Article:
We introduce a hierarchical generalization to the Pólya tree that incorporates locally adaptive shrinkage to data features of different scales, while maintaining analytical simplicity and computational efficiency. Inference under the new model proceeds efficiently using general recipes for conjugate hierarchical models, and can be completed extremely efficiently for data sets with large numbers of observations. We illustrate in density estimation that the achieved adaptive shrinkage results in proper smoothing and substantially improves inference. We evaluate the performance of the model through simulation under several schematic scenarios carefully designed to be representative of a variety of applications. We compare its performance to that of the Pólya tree, the optional Pólya tree, and the Dirichlet process mixture. We then apply our method to a flow cytometry data with 455,472 observations to achieve fast estimation of a large number of univariate and multivariate densities, and investigate the computational properties of our method in that context. In addition, we establish theoretical guarantees for the model including absolute continuity, full nonparametricity, and posterior consistency. All proofs are given in the Supplementary Material (Ma, 2016).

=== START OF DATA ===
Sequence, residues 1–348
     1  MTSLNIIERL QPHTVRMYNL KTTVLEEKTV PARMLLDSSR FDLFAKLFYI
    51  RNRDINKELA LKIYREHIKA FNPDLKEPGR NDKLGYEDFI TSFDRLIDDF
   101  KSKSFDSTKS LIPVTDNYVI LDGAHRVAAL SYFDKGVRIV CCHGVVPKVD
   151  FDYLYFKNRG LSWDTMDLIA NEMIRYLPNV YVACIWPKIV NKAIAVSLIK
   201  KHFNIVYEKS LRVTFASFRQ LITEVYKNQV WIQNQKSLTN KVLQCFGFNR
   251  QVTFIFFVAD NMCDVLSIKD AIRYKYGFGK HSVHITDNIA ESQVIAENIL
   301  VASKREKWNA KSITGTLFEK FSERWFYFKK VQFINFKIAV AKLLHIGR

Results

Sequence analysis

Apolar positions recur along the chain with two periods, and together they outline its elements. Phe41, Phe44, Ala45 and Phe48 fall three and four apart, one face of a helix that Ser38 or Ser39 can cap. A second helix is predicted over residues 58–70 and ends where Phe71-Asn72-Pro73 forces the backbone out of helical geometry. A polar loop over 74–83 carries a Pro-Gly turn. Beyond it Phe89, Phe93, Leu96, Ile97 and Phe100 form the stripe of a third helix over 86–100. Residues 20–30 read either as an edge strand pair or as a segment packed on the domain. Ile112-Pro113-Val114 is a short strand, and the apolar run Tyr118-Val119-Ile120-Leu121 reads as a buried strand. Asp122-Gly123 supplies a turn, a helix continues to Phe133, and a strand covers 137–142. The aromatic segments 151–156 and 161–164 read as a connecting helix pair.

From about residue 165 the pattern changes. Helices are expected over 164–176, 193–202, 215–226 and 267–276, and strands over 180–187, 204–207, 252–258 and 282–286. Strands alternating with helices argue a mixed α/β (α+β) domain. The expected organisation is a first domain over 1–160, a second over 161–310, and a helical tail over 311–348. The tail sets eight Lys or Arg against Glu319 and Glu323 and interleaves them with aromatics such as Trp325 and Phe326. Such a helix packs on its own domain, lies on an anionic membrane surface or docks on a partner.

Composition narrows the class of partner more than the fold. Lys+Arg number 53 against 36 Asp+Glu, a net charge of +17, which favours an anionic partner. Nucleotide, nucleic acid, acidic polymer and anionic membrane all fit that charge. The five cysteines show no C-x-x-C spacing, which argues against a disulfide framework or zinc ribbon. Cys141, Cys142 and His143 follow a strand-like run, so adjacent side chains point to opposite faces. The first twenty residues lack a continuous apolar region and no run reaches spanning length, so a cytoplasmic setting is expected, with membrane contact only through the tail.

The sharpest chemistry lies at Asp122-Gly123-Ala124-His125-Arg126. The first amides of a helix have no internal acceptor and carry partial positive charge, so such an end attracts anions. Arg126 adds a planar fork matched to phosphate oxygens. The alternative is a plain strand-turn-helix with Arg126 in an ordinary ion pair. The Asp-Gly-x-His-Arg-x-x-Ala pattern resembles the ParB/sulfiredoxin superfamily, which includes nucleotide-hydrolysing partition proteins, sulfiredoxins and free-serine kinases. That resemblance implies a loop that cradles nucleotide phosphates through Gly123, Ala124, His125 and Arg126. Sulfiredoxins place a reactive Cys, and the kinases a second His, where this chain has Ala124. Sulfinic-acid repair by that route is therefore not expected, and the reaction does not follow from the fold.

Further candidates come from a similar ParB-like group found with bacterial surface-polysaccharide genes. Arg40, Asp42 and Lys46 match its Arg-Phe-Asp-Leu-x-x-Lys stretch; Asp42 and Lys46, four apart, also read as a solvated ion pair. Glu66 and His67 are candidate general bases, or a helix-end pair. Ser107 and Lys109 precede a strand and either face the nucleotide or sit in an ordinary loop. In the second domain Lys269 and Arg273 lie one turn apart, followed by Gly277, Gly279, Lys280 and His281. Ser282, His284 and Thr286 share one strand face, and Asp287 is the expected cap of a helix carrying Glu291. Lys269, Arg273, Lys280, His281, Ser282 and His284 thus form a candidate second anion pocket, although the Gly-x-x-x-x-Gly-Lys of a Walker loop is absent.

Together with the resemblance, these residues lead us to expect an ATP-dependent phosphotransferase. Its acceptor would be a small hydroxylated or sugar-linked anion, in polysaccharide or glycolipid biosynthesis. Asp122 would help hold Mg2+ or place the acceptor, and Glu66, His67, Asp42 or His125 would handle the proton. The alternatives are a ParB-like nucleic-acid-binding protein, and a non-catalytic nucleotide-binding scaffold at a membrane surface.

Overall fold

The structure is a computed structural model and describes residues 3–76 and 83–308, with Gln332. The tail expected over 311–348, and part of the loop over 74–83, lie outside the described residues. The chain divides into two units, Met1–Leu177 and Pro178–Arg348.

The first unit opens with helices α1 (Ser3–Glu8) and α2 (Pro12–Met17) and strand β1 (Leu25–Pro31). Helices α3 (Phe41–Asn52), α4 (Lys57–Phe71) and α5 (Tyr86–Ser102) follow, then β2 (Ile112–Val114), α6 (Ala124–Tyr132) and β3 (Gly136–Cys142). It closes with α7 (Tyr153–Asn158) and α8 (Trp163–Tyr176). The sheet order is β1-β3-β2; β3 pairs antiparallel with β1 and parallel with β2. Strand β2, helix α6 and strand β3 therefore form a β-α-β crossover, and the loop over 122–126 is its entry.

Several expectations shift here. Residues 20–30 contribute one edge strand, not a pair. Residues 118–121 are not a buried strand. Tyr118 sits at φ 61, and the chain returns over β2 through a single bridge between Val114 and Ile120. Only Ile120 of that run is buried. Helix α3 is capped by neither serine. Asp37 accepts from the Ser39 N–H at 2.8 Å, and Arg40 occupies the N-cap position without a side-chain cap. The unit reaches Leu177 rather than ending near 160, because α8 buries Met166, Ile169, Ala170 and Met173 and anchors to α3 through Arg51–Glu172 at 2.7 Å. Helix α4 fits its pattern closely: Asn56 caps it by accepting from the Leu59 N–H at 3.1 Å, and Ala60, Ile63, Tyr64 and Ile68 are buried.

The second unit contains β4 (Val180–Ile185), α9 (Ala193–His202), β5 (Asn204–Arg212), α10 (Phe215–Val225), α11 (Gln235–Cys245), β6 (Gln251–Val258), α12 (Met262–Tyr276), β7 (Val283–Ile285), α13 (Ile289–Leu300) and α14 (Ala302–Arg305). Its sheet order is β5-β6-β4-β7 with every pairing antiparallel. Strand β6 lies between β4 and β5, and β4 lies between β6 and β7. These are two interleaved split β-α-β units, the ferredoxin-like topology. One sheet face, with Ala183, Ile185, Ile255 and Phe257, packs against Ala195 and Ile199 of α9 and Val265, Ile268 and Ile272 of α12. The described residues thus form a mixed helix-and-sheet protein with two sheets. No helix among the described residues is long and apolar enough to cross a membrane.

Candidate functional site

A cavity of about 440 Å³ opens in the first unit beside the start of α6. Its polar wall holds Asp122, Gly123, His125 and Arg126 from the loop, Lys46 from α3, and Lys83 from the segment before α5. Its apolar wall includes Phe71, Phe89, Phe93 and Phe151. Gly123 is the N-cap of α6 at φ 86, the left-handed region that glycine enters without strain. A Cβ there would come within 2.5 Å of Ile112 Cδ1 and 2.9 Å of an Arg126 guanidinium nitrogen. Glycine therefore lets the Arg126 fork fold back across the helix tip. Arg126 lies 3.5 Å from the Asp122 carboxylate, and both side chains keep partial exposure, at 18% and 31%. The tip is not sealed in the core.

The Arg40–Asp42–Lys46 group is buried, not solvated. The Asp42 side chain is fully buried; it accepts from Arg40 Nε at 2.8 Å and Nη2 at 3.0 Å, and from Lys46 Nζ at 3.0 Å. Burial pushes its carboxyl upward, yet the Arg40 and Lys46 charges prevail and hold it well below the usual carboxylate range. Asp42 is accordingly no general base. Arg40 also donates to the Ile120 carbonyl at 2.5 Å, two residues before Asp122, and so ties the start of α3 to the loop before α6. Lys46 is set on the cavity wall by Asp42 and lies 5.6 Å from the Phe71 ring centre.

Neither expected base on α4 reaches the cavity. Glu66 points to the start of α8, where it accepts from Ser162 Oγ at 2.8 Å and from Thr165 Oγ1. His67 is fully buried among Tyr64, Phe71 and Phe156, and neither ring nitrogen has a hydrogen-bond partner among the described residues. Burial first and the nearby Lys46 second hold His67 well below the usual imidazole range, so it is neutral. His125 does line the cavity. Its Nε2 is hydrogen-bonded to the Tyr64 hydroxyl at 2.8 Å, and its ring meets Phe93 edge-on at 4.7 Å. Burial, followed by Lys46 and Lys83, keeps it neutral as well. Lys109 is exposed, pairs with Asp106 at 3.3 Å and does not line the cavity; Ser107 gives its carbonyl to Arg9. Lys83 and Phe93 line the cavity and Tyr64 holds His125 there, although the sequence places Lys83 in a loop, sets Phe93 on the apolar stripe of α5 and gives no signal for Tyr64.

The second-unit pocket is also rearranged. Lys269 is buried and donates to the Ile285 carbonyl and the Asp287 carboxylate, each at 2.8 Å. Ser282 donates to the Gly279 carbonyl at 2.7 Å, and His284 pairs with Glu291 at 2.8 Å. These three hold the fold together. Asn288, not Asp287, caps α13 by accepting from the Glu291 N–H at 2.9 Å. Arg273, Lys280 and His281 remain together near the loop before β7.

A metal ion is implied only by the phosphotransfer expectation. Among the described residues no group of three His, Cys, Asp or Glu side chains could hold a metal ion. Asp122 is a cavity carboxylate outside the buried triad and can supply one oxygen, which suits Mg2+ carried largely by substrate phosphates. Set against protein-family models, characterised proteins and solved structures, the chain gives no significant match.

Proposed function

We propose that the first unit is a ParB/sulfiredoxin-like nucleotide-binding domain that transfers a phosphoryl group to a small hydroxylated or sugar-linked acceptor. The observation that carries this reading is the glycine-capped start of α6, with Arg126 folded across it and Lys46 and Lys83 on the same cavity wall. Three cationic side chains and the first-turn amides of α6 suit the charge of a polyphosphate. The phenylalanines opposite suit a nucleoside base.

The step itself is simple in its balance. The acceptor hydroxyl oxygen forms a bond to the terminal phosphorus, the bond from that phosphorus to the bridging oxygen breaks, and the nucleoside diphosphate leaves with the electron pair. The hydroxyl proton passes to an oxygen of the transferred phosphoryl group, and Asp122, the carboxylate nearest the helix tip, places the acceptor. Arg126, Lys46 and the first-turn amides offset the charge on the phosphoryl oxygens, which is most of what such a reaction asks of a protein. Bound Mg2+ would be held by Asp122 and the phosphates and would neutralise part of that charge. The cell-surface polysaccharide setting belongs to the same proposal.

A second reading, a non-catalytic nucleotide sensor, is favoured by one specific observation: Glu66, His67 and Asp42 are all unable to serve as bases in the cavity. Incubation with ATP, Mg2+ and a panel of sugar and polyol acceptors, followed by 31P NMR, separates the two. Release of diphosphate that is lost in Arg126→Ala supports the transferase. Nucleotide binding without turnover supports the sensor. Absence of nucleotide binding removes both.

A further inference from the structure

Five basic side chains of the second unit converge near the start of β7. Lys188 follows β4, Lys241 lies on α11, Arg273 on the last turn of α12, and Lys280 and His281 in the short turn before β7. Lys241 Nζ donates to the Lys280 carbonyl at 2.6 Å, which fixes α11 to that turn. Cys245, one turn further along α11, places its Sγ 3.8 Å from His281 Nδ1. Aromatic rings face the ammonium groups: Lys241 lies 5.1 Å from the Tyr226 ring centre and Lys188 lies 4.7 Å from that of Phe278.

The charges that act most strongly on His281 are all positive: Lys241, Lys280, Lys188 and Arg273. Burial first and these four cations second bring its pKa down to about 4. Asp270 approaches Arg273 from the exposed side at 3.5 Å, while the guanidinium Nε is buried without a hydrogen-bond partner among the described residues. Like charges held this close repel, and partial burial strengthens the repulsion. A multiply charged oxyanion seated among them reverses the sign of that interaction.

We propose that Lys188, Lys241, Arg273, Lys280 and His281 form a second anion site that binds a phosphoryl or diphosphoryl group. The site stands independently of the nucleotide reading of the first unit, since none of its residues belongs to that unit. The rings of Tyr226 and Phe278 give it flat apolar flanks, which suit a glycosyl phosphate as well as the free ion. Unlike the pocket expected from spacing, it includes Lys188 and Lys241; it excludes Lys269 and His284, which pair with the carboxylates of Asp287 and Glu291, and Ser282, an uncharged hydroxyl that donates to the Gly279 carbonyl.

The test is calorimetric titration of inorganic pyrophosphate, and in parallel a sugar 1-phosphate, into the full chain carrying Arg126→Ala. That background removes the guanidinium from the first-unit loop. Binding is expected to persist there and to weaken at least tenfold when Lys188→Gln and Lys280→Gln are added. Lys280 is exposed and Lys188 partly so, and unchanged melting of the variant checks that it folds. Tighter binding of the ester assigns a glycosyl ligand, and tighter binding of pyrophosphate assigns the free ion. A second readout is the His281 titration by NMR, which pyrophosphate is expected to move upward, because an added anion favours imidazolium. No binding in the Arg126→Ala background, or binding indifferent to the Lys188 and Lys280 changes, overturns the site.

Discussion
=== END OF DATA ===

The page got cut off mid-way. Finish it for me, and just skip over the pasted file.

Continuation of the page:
</p>projecteuclid.org/euclid.ba/1473276260_20170525220502Thu, 25 May 2017 22:05 EDTA Bayes Interpretation of Stacking for $\mathcal{M}$ -Complete and $\mathcal{M}$ -Open Settingshttp://projecteuclid.org/euclid.ba/1473276261<strong>Tri Le</strong>, <strong>Bertrand Clarke</strong>. <p><strong>Source: </strong>Bayesian Analysis, Volume 12, Number 3, 807--829.</p><p><strong>Abstract:</strong><br/>